Other factors may have contributed to the patient’s improvement, including her medical treatment (eg, antibiotics), as well as a change of setting from a psychiatric to a medical unit, the authors noted. They suggested further research into the role of fever in treatment of psychiatric illness, acknowledging that this cannot be done through the deliberate introduction of an infectious agent into a patient. Potential avenues for investigation include using sulforaphane or a similar noninfectious pyrogenic agent as adjunctive treatment for refractory psychosis, as well as examining whether there are specific febrile illnesses that are associated with improvement in psychosis.

An accompanying commentary by David A. Kahn, MD, noted that when pyrotherapy was used for treating psychosis, it was generally ineffective in cases not caused by syphilis.8 Additionally, the patient might have been suffering from an underlying central nervous system infection, such as Lyme disease, which might have improved as a result of the intravenous antibiotics.

Another explanation he suggested is that the antibiotics themselves, rather than the fever, were responsible for the improvement in the patient’s psychosis. He noted that certain antibiotics can cause adverse central nervous system reactions.9 If antibiotics may cause psychosis in a small subset of patients, it is conversely true that they may alter neurotransmitters and cause improvements in psychotic symptoms. “By time course, this cannot be excluded as a possible source of brain alteration in the current case,” he stated.

He added that it “behooves us to watch closely how medical comorbidities affect psychiatric illness.”

References:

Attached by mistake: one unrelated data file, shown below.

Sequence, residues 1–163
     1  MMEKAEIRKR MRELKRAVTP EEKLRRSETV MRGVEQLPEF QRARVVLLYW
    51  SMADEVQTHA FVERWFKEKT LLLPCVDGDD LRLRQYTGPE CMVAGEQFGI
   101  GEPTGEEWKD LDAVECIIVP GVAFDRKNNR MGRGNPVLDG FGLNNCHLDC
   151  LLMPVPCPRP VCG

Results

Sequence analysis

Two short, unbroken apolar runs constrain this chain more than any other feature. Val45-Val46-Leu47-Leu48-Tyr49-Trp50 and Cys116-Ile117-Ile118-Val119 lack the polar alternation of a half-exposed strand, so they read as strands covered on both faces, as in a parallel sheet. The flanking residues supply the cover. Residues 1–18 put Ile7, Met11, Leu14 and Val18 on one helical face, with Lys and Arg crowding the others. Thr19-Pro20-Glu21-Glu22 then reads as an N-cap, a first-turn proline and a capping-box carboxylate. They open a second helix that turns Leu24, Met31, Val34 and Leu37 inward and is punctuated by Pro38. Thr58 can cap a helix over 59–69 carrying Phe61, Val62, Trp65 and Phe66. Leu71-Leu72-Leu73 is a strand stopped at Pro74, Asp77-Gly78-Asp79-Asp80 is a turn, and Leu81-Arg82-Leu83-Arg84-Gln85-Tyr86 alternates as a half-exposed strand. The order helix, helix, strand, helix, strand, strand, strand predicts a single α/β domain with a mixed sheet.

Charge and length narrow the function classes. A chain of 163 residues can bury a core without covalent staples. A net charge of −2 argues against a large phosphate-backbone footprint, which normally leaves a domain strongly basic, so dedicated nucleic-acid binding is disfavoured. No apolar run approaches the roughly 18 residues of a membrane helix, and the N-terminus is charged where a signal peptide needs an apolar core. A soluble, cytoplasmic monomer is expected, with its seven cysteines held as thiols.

1.      Zuschlag ZD, Lalich CJ, Short EB, Hamner M, Kahn DA. Pyrotherapy for the treatment of psychosis in the 21st century: a case report and literature review.  J Psychiatr Pract. 2016 Sep;22(5):410-5.

2.      Whitrow M. Wagner-Jauregg and fever therapy. Med Hist. 1990 Jul;34(3):294-310.

3.      Moreira MB. [Mechanism of action of pyretotherapy of neurosyphilis & of its eventual use in leprosy; preliminary note]. Rev Bras Med. 1958 Sep;15(9):624-8.

4.      Sager O, Badenski R, Roth RR, et al. The role of the central nervous system in pyretotherapy for syphilitic meningo-encephalitis; the action of malaric fever and of fever produced by typho-paratyphic vaccine.  Rum Med Rev. 1957 Apr-Jun;1(2):47-9.

5.      Keck PE Jr, Caroff SN, McElroy SL. Neuroleptic malignant syndrome and malignant hyperthermia: end of a controversy? J Neuropsychiatry Clin Neurosci. 1995 Spring;7(2):135-44.

6.      Ford DM, Klugman KP. Contrasting roles of 5-hydroxytryptamine and noradrenaline in fever in rats. J Physiol. 1980 Jul;304:51-7.

7.      Singh K, Connors SL, Macklin EA, Smith KD, Fahey JW, Talalay P, Zimmerman AW. Sulforaphane treatment of autism spectrum disorder (ASD). Proc Natl Acad Sci U S A. 2014 Oct 28;111(43):15550-5.

8.      Lieberman J. Shrinks: The Untold Story. New York, NY: Little, Brown and Company, 2015.

9.      Bhattacharyya S, Darby RR, Raibagkar P, Gonzalez Castro LN, Berkowitz AL. Antibiotic-associated encephalopathy. Neurology. 2016 Mar 8;86(10):963-71.